Sampa the Great taps into music of her African childhood on new album

The Zambia-born artist is currently in the midst of a North American tour, promoting her second full-length album, ‘As Above, So Below.’

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Sampa the Great poses backstage at the 2022 Coachella Valley Music And Arts Festival in Indio, California. The singer headlines Chicago’s Thalia Hall on June 14.

Sampa the Great poses backstage at the 2022 Coachella Valley Music And Arts Festival in Indio, California. The singer headlines Chicago’s Thalia Hall on June 14.

Matt Winkelmeyer/Getty Images

Sampa the Great was 23, and only in her second year as a professional musician, when she and her band found themselves opening for rap superstar Kendrick Lamar, in March 2016 at an arena in Sydney, Australia.

The Zambia-born, Botswana-raised poet, rapper, songwriter, singer and producer was based Down Under at the time — more on that in a bit — and she considers this outsize event “the first huge thing that happened in my career.”

Hugeness has happened repeatedly ever since. The first two-time winner of the prestigious Australian Music Prize, Sampa the Great returns to Chicago June 14, headlining Thalia Hall with her full band. Her previous appearances here include last summer’s Lollapalooza, and she played Coachella and Glastonbury, also, in 2022 — the first Zambian artist to grace those three mighty music festivals. Both Barack and Michelle Obama are avowed admirers, placing Sampa the Great’s music on their high-profile playlists.

sampa the great

Sampa the Great

With: Haviah Mighty

When: 8:30 p.m. June 14

Where: Thalia Hall, 1807 S. Allport

Tickets: $20-$300; 17+ over

Info: ticketweb.com

Sampa is currently in the midst of a North American tour, promoting her second full-length album, “As Above, So Below.” The 11-song collection, released last September, is a glorious mélange of hip-hop and neo-soul, lushly interwoven with African music both contemporary and traditional. This duality is reflected in featured guest performers, from innovative rappers Joey Bada$$ and Denzel Curry, both 28, to legendary West African singer-songwriter, actress and activist Angélique Kidjo, the 62-year-old grande dame of Beninese vocalists. Kidjo’s full-bodied contralto turbocharges the album’s commanding finale, “Let Me Be Great.”

Sampa the Great recorded “As Above, So Below” in Zambia during the COVID-19 pandemic, when she and her younger sister, Mwanjé (a recording artist in her own right, who sings on the album), were unable to return to Australia.

In a recent Zoom audio interview, Sampa related how she’d gone home to Zambia when a family member caught COVID-19, “to make sure they’re OK. And then the borders closed up; we tried two or three times, but we couldn’t get back.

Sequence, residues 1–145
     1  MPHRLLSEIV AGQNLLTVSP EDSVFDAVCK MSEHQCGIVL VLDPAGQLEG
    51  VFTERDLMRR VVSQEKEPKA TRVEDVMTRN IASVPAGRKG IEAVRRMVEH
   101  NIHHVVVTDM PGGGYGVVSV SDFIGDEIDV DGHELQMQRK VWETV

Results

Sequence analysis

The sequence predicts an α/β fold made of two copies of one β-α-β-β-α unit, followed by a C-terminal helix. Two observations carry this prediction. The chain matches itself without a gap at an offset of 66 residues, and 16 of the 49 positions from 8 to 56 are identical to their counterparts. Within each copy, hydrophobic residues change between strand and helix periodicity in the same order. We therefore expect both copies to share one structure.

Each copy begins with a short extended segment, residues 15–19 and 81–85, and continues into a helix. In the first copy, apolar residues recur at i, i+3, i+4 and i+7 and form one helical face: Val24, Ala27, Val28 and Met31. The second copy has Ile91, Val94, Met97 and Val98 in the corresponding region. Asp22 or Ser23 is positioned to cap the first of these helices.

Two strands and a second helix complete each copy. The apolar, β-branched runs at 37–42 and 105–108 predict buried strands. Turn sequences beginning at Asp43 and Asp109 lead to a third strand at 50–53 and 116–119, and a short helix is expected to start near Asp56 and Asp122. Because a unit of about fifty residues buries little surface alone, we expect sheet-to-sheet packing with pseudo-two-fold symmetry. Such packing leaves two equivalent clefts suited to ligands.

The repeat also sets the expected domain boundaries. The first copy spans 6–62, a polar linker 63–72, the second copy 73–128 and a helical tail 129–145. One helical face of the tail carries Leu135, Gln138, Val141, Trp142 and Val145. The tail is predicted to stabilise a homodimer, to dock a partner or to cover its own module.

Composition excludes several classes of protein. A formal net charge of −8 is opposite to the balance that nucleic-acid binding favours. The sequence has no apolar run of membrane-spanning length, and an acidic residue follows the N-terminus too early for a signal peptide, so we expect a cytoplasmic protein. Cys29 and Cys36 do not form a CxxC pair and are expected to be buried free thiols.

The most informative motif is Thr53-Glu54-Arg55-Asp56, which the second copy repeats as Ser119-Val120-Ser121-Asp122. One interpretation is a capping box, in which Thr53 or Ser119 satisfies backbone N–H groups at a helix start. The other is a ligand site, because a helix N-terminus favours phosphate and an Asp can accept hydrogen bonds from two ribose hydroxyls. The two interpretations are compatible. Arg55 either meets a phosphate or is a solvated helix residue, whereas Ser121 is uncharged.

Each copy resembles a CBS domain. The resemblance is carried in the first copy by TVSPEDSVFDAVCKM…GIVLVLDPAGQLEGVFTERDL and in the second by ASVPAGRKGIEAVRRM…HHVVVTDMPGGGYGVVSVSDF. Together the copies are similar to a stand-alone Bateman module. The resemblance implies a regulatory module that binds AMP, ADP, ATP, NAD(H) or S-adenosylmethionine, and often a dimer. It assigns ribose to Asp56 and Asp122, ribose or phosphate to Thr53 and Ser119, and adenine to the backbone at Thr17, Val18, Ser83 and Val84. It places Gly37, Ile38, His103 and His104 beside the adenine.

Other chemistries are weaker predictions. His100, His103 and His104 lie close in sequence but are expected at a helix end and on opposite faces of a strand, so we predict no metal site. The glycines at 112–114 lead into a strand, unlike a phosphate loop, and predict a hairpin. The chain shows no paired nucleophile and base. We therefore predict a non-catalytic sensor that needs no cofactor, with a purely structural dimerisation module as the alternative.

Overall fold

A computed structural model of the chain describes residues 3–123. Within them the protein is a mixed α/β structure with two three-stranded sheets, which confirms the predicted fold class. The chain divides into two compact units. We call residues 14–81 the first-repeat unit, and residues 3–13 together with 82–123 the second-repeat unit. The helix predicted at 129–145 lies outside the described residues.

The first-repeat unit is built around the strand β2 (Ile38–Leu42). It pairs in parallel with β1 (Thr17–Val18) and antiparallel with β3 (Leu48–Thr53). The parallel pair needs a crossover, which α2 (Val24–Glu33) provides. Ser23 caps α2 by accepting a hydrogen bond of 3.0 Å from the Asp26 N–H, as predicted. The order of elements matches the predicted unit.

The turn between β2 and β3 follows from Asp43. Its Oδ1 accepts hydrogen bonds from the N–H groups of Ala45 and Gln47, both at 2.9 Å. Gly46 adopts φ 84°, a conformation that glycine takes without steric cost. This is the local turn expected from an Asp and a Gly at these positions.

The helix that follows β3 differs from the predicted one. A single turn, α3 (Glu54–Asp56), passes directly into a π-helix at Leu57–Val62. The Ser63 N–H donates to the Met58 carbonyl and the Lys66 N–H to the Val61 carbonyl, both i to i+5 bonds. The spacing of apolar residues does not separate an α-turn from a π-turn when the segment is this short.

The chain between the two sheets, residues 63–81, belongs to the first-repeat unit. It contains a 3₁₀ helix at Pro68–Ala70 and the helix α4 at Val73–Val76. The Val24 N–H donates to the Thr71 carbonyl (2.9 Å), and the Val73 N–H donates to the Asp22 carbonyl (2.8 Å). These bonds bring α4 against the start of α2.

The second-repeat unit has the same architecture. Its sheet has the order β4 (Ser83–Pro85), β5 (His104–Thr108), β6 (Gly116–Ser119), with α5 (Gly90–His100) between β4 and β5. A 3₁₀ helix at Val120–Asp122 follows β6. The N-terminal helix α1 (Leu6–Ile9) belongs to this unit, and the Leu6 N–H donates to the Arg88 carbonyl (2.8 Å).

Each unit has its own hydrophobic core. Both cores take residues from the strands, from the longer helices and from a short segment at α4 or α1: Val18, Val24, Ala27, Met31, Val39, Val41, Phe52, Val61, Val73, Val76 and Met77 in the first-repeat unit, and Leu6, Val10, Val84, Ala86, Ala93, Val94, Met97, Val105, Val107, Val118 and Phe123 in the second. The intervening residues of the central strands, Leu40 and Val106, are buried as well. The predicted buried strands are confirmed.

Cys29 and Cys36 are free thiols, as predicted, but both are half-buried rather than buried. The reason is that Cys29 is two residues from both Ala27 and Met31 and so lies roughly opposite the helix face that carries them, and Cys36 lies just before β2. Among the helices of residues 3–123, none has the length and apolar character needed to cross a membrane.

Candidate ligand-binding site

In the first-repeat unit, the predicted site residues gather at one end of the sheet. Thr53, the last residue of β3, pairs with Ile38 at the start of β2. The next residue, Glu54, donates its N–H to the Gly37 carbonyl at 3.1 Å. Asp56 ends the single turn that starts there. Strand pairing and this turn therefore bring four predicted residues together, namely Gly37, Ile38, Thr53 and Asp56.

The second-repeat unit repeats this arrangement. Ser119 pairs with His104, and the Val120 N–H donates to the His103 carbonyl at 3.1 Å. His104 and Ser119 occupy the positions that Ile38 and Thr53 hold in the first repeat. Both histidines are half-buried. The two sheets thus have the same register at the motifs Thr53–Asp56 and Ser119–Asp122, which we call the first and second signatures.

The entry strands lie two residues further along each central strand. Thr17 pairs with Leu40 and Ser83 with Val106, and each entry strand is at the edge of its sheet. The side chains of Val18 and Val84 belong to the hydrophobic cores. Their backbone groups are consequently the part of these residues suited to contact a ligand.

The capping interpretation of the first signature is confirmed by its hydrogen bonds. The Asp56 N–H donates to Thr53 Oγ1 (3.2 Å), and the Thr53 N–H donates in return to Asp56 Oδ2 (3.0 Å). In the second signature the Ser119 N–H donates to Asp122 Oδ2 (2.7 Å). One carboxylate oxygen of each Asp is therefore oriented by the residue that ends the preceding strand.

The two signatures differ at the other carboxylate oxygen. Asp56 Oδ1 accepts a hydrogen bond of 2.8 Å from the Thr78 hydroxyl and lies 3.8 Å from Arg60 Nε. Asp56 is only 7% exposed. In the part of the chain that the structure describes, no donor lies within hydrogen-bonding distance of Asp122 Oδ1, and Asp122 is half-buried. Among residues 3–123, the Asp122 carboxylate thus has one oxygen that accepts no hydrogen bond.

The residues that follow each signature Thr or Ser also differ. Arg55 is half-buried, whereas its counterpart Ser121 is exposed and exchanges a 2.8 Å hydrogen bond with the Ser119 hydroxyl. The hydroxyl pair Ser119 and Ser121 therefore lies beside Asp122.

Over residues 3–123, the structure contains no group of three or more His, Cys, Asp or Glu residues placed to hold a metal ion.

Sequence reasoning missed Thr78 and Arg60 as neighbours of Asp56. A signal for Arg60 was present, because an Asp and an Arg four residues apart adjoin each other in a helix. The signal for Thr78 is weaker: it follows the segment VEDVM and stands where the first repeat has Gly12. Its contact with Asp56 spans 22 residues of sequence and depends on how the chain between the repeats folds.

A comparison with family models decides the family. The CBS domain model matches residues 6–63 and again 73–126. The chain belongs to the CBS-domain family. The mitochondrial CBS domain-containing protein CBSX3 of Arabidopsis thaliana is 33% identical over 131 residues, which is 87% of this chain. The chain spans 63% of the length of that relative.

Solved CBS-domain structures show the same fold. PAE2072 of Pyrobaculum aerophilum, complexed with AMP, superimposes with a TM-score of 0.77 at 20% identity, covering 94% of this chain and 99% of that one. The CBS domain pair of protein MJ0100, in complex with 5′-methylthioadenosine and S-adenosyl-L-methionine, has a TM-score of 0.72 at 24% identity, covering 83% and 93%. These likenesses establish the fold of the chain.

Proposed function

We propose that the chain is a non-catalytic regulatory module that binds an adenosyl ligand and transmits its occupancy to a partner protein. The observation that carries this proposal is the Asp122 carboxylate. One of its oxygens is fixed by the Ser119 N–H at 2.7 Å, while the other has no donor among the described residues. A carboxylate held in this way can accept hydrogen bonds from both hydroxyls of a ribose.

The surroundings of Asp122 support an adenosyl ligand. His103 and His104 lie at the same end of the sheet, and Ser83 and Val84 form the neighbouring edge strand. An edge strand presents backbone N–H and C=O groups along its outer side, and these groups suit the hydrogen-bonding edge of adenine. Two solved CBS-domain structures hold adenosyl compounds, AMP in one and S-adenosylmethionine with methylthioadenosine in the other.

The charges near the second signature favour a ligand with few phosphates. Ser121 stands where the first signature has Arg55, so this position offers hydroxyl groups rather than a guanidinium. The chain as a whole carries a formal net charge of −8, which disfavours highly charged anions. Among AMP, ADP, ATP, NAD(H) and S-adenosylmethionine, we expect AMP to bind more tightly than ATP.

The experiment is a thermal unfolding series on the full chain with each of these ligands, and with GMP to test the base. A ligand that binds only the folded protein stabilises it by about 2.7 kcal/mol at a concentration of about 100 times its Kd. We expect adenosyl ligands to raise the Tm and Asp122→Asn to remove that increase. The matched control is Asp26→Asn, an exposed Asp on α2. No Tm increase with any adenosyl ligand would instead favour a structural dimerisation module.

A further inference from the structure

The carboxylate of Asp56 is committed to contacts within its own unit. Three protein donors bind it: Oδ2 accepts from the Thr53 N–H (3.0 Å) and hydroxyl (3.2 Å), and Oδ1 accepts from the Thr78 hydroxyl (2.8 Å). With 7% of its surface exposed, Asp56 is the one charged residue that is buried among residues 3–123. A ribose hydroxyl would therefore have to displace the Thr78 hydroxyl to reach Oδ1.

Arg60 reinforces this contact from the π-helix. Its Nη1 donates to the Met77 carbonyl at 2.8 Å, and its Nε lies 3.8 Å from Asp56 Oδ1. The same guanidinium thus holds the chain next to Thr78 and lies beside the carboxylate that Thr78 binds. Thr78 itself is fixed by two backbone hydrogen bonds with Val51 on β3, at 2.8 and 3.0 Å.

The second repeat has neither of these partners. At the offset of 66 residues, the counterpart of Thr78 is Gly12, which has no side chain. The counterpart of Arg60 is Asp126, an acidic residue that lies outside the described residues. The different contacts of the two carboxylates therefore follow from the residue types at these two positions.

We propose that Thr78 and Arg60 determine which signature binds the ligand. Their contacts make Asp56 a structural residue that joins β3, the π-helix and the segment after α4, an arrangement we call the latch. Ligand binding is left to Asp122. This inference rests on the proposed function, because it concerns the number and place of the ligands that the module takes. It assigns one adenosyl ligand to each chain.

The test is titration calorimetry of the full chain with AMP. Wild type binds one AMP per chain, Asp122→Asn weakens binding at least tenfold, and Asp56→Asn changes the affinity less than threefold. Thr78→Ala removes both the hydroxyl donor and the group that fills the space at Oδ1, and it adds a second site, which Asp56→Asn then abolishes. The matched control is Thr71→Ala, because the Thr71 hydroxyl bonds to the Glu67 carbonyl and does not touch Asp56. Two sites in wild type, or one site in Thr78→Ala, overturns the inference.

“ ‘So now,’ ” she recalled thinking, “ ‘what kind of music am I going to make, now that I’m here?’ ”

With Sampa’s career to date having developed in Australia — where she’d initially gone to earn a college degree in sound engineering, at Sydney’s SAE Institute — she now felt an irresistible urge “to dive into the context of my childhood, the slang we used, the music we listened to when I was being raised.”

That music comprised the sounds of Southern Africa — Zambia, Botswana and the country of South Africa. Hip-hop entered the mix when Sampa Tembo’s age had just hit double digits.

“So, 10-year-old me was a little kid who hadn’t really known how to express herself, except in a diary,” Sampa recollected. “Poetry now became that outlet of communication.” And then one day, “Ten-year-old me walked upstairs to my cousin’s room, and the first thing I hear is a cassette of Tupac’s ‘Changes.’ And I hear someone who can express themselves in poetry — through music.”

So taken was she by the classic track from the late Tupac Shakur, Sampa “sat in the corner listening, and then I’m like, ‘Rewind that, play that again!’ ” She seems to recall demanding encores “three times: one for the feel, one for the actual words of the song, and one just to vibe.”

Galvanized, Sampa ramped up her own poetry output, finally working up to writing her first song. Its inspiration was her irritation at being left at school one afternoon because her father had forgotten to pick her up. “I was in the car park, and I started writing lyrics about how I felt about the situation, to a melody that I made up,” Sampa detailed.

Writing songs became her passion, eventually resulting in high-profile mixtapes like 2017’s “Birds and the BEE9” (Sampa the Great’s first Australian Music Prize winner) and, in 2019, her debut full-length album (and second AMP winner), “The Return.”

Sampa’s actual return to Africa (she is now based in Zambia) came at an opportune time. She’d recently learned of the existence of Zamrock — her birth country’s early-1970s musical genre that welded traditional indigenous music to psychedelic rock, garage rock and hard rock.

Sampa’s “ode to Zamrock,” the track “Never Forget,” was put to highly atmospheric use in the film trailer for “Black Panther: Wakanda Forever.”

“I think this was meant to be,” she reflected. “I think this is the path I’m supposed to take.”

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